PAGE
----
I'm so eager to get this chair finished so I can use it in my office!  The dining chair that I've been working in for the past few months just isn't cutting it.

Do you have any daunting projects that you've been inching away at?  It's like eating an elephant...


Meanwhile at Brimfield

....I bought a chair.  Anyone surprised?  Although you may have caught a glimpse on instagram, lets first explore things I didn't purchase amongst the junky vintage amazingness that is Brimfield, MA. Brimfield antiques, Spring 2014

It was a rainy, rotten day on Friday, so there were a good lot of vendors that weren't even open and we probably missed a ton, but it was still a blast!  It is so easy to go into awesomeness overload (or junk overload, you pick)...

Brimfield mcm cabinet, Spring 2014

The pinkish cabinet with glass doors on top was only $30!  I tried to rack my brain for a place for it, but realized, sadly, that I could not give it a home- I hope someone did!

At the end of the day, I had spent only $28, but it was $28 very well spend if you ask me!

$25 went to this amazing mid-century chair.   I'm not just a member of Chair Hoarders Anonymous, I'm the founder and president.

Brimfield MCM Chair Before 1

I don't think a chair has ever needed to be reupholstered more- the vinyl has been scratched right through to the wood below.

Brimfield MCM Chair Before 2

It also kinda stinks (just musty.... it was out in the rain after all), but I don't care, I love it!  I had actually walked away from it, but it kept nagging at me, so I went back and haggled him down $10. #alwayshaggle

Brimfield MCM Chair Before 3

It's very sturdy, heavy, and well built.  It's only issue really, is the upholstery, which I think I can do something about.  I hope my reupholstery skills are up to the task!  This style of chair will require much more sewing and precision than the last, but I'm up for the challenge!  I'm thinking a sexy but studious gray tweed might be in order, don't you agree?

I love hate to keep you in suspense, but I'm not going to show you today what I spend the remaining $3 of my $28 purchases on.  It's in the process of getting a mini-makeover, so pop back Wednesday to see my $3 find all spruced up and styled!

I'm already looking forward to the Brimfield antique show's next go around in July!  Did you get a chance to go this time?  If so, I'd love to see your treasures!

New Old Chair

Monday, you got a peak at the reveal of my newly reupholstered antique chair, so I though today I'd show you the full transformation. We inherited our awesome chair from a friend.  It had been in his family for longer than he'd been alive, but he had no place for it.  After an unfortunate incident with the Queen (Daisy), the non-colorfast seat needed washing.  For 4 years, we've had the chair in our apartment, and then various rooms of our house in it's not-so-fresh red/pink state.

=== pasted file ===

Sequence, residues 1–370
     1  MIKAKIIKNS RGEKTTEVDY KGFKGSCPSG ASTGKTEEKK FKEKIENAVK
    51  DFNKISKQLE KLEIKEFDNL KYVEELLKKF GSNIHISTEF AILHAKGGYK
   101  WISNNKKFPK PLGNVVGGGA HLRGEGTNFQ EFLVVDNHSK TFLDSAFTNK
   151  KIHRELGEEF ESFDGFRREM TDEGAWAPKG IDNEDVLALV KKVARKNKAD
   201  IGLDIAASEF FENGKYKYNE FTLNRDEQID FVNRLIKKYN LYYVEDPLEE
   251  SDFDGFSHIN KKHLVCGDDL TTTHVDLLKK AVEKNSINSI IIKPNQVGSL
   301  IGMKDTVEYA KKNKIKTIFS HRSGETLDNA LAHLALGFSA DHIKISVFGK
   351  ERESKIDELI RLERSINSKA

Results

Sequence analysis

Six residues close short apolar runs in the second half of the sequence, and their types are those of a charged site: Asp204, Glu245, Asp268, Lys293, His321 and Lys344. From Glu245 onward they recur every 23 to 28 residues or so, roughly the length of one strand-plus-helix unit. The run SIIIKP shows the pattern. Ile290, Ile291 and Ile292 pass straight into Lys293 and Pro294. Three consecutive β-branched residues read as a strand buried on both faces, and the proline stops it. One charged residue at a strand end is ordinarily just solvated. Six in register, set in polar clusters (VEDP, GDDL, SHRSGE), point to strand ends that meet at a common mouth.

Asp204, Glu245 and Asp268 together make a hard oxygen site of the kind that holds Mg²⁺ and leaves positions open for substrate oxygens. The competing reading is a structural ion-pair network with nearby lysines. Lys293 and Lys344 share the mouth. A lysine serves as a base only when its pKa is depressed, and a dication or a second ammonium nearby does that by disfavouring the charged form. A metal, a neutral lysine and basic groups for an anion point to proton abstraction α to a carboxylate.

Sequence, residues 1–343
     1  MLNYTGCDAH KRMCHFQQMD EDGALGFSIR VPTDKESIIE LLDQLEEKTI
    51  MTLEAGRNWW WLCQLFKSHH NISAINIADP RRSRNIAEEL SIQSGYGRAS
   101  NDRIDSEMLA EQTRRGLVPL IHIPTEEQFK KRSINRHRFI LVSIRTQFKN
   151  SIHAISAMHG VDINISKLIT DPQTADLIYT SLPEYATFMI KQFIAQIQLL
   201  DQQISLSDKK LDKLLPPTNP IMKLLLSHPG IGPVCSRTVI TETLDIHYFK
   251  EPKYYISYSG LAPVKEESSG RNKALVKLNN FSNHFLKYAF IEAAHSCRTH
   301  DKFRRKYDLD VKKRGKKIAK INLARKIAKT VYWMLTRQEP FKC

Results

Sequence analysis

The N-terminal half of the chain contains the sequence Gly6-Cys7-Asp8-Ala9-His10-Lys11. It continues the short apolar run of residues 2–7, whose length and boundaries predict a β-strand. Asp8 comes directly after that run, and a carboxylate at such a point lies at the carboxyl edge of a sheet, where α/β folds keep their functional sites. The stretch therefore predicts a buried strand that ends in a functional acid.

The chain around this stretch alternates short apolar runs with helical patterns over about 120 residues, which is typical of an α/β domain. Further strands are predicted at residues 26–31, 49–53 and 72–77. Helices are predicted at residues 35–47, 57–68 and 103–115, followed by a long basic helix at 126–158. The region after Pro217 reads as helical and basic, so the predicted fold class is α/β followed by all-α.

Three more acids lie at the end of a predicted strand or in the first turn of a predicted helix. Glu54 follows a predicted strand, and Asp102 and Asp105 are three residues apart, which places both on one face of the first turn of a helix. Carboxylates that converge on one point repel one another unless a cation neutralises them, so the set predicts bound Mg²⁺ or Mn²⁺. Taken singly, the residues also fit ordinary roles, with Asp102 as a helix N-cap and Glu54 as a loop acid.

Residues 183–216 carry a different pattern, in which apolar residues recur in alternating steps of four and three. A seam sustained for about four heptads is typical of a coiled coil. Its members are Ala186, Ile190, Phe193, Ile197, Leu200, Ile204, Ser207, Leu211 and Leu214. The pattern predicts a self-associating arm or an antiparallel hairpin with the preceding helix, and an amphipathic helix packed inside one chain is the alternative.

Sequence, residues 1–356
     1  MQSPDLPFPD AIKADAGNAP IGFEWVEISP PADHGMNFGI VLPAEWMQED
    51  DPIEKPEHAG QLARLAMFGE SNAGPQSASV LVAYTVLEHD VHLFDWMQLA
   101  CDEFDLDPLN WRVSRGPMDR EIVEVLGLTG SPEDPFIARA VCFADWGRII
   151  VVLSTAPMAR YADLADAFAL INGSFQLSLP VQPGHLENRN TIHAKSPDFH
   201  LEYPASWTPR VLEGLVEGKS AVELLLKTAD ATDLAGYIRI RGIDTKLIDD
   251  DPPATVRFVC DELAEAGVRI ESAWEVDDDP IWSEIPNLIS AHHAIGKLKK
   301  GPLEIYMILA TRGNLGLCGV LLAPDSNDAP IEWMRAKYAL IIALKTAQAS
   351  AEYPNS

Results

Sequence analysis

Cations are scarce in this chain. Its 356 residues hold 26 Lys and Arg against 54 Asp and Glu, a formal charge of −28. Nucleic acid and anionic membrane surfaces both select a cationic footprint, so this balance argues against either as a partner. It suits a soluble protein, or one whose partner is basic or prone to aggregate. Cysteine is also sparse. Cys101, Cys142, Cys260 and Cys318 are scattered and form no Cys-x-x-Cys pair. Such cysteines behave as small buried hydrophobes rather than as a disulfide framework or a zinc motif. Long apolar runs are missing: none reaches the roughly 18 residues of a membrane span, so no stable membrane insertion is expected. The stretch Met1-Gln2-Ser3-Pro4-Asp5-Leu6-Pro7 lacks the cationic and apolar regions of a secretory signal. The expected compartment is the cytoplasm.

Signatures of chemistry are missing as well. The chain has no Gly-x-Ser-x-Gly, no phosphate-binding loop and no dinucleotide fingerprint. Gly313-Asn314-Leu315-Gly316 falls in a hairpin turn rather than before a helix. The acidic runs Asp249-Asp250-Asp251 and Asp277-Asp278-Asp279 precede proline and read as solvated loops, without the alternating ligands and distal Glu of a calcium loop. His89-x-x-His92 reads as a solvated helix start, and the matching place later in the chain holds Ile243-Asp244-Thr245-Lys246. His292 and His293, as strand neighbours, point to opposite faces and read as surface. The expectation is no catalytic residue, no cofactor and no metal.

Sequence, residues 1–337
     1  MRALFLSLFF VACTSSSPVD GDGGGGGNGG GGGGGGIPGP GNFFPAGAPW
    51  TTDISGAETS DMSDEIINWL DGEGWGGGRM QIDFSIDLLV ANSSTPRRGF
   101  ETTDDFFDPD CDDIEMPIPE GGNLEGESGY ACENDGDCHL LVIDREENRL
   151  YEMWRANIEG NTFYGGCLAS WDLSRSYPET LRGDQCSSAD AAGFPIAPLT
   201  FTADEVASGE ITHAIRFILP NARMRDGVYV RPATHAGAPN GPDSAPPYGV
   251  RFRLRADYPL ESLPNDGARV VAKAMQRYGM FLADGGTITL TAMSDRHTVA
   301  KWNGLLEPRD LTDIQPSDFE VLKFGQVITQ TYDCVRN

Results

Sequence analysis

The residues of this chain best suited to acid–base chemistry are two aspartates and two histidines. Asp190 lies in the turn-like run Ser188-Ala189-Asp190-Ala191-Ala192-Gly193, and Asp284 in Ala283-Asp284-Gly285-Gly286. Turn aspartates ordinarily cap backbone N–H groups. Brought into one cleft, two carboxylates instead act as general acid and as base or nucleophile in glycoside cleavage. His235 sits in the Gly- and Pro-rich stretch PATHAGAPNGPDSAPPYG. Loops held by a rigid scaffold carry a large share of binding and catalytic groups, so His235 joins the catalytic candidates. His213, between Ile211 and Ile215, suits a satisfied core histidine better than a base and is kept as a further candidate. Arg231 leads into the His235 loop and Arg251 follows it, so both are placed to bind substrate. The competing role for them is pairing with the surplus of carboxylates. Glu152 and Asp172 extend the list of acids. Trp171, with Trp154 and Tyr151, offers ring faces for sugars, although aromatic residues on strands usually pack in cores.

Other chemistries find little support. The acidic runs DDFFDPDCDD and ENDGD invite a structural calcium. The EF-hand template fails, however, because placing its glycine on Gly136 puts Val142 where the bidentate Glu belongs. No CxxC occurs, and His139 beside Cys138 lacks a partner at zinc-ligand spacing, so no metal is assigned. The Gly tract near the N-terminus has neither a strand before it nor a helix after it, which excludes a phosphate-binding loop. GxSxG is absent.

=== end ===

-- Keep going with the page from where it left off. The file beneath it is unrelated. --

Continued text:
Antique chair before

I was so excited when the waitlist I had been on allowed me to get into an awesome reupholstery class last minute at the Eliot School in Boston (not a paid endorsement, they were just awesome and if you live in the area, check them out and the classes they offer!  Do it!)

Antique red chair before

The first class was painful, where I started ripping my beloved chair apart, but the rebuilding was so gratifying!

Antique chair progress 1

Antique chair progress 2

I am not even going to pretend to be any kind of expert at reupholstering, but I will tell you that the key is to pay attention as you're disassembling and take note of how everything is attached.  Then do that with your new materials and fabrics.  Simple, right? ha!

Antique chair progress 3

Antique chair progress 4

Antique chair reupholstery progress

Antique chair reupholstery progress 2

Antique chair reupholstery progress 3

Antique chair reupholstery progress 4

Once the fabric was all attached and trimmed, the final steps were to glue on the double-welt (to hide the staples) and sew a cushion.


Reupholstered antique ikat chair after

Sometimes it works to bribe furry models with treats.  Sometimes.

Reupholstered antique ikat chair cat

Reupholstered antique ikat chair

If you're anything like me, you love a side by side before and after.

Reupholstered antique ikat chair before and after

How's that for a transformation??

antique ikat chair after

I'm so pleased to be able to give the chair a new life!